Word of the Day – Antipodes

By January 13, 2018Word of the Day

Antipodes (plural noun)

an-tip-o-deez

Diametrically opposite. Or if you’re in the Northern Hemisphere, Australia and it’s surrounding nations.

Late Middle English: via French or late Latin from Greek antipodes ‘having the feet opposite’, from anti ‘against, opposite’ + pous, pod- ‘foot’. The term originally denoted the inhabitants of opposite sides of the earth.

Example sentences

“Well they’re the antipodes of what we were looking for to be honest.”

“I fly on Friday from Heathrow, London for a tour of the Antipodes.”

Word of the Day – Antipathy

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Antipathy (noun)

an-tip-ath-ee

A deep-seated feeling of aversion.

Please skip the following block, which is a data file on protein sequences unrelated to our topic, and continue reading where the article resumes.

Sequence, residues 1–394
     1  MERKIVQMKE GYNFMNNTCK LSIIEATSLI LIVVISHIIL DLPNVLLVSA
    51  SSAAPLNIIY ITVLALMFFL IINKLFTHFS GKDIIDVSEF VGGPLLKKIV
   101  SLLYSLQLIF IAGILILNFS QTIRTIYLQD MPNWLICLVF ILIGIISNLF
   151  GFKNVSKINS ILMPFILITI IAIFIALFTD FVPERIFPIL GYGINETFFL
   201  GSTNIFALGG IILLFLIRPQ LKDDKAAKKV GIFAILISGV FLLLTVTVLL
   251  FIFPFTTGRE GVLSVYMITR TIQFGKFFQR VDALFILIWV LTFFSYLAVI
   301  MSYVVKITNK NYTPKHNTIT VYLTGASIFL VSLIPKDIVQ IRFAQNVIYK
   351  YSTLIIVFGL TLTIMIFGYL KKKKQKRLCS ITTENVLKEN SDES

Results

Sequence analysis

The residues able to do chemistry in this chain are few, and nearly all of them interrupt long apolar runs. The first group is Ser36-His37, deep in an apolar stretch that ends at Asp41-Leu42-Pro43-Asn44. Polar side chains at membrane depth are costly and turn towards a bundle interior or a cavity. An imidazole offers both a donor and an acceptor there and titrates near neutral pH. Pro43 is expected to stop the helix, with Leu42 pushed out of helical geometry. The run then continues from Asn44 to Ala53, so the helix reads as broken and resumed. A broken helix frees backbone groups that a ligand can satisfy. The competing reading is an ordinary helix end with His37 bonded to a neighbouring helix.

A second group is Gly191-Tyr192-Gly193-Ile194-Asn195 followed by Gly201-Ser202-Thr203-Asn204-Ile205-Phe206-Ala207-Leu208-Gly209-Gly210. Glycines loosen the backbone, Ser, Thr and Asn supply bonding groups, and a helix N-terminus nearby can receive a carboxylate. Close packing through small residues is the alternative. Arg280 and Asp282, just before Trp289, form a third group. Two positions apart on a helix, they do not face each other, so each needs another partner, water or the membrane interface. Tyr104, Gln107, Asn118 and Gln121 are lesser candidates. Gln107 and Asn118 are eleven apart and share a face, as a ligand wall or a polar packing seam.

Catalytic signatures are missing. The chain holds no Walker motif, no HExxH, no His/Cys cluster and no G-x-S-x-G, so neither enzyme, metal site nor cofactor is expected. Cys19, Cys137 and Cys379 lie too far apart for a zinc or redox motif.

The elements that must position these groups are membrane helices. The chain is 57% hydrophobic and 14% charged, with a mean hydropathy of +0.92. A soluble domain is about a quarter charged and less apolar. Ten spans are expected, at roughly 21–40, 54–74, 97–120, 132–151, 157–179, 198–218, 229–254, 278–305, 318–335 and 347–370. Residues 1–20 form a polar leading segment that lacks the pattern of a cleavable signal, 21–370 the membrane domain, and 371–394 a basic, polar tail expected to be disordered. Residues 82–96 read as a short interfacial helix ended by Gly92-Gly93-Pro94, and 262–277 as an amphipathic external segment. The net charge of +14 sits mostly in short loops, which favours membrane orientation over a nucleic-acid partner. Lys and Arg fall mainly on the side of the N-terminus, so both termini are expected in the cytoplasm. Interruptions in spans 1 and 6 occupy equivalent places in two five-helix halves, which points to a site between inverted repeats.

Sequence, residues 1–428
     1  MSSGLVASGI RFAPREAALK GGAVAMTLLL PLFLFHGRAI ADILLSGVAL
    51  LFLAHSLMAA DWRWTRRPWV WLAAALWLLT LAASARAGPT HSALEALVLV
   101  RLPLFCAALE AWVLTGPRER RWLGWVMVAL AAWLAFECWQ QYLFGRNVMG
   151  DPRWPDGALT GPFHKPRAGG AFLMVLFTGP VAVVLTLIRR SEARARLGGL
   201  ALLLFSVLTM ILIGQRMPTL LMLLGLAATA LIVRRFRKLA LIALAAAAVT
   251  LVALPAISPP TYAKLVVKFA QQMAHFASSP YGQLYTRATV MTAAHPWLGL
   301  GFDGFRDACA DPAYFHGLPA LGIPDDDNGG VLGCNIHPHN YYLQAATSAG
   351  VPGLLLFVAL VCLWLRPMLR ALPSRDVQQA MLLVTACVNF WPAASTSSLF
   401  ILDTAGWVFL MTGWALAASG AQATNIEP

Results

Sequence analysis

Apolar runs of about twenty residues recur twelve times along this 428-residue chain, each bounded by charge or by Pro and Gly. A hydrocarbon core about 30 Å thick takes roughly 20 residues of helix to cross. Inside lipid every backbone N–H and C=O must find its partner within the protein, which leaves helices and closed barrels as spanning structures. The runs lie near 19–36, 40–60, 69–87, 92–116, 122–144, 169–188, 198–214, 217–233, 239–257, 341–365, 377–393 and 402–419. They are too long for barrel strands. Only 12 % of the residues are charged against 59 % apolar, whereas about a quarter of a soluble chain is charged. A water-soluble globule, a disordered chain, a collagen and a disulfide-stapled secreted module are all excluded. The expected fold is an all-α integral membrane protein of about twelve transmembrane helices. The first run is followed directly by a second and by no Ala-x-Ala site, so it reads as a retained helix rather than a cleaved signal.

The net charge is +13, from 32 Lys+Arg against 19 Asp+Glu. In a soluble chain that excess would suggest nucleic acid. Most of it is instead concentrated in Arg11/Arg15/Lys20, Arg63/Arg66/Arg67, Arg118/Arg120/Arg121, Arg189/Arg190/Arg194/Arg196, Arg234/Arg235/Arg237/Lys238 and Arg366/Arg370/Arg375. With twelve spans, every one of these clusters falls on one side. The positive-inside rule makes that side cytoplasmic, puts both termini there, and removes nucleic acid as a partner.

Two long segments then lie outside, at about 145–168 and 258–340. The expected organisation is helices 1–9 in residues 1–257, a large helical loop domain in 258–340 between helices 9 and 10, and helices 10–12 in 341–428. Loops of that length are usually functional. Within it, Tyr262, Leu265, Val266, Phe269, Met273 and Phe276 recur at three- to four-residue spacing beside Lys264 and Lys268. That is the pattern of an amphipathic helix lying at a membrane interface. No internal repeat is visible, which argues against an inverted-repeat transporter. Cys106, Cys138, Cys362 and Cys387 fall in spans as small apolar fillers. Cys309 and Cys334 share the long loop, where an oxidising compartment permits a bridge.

Late 16th century (in the sense ‘opposition of feeling, nature, or disposition’): from French antipathie, or via Latin from Greek antipatheia, from antipathēs ‘opposed in feeling’, from anti ‘against’ + pathos ‘feeling’.

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Word of the Day – Cleat

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Cleat (noun)

Kl-eet

A T-shaped piece of metal or wood on a boat or ship, to which ropes are attached.

Each of a number of projections on the sole of a shoe, designed to prevent the wearer losing their footing.

Middle English (in the sense ‘wedge’): of West Germanic origin; related to Dutch kloot ‘ball, sphere’ and German Kloss ‘clod, dumpling’, also to clot and clout.

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